The bathrooms, known universally as ‘heads’, have maybe six or eight stalls and the same number of urinals. Against the opposite bulkhead (wall) are sinks with stainless steel mirrors (glass mirrors can shatter if the ship takes hits). The water in both the commodes and the urinals runs 24/7 with sea water. This running water can be heard throughout the berthing compartment all the time.
The deck is highly polished tile. The way it is kept highly polished is with the sweat of low-rated men and huge buffers. For those people sleeping off the midwatch in a lower rack, it isn’t unusual to be jarred awake by the crash of an out-of-control buffer wielded by a skinny runt of a guy who would have trouble holding up a broom much less a whirling, 24-inch, buffing machine.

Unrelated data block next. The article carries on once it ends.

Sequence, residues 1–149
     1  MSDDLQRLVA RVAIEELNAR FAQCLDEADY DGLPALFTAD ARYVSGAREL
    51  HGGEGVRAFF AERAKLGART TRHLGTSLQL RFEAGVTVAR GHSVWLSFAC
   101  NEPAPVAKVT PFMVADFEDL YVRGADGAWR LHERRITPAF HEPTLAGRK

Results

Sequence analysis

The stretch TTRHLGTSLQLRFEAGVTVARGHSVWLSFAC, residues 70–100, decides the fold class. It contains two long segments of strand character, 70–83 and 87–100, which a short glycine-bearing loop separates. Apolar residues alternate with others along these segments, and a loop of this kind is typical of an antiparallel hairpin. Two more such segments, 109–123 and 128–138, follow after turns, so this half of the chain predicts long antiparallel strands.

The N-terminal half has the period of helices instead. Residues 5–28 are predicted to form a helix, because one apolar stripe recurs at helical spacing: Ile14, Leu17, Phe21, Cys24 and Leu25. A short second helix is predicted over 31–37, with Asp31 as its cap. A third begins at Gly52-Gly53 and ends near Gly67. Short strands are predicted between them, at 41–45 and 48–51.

But, this is all the good stuff you get used to almost immediately. Within a week, I hardly heard all the various noises around me. I slept very well, considering I like a softer bed than a half-inch of cotton over stainless steel. I also rated one of the coveted middle racks. My big problem was that there was an overhead speaker directly over my rack. The morning began with the piercing whistle of a Bosun’s pipe (which preceded EVERY announcement over the 1MC). This usually stimulated my heart enough to begin cursing while trying to regain lost sleep.
At 0800 every morning there came the testing of the ship’s alarms and bells. First the Whoop-Whoop of the Collision alarm, followed by the DONG – DONG – DONG – of the General Quarters alarm. Everyone who has seen any wartime naval movie (except British movies) has heard this alarm. When you listen to it every day you tend to begin hyperventilating at the first instant. Even to this day I still feel my pulse quicken at the sound of this alarm. Any Navy man will tell you the same thing.
Our watches were set up along the same lines as shoreside watches, but we did not have any time off between a series of watches. They were run like this?
And the cycle repeats. The ‘short shift’ at the 1600 to 2000 of only a two-hour period was to allow all hands on watch to get a good evening meal.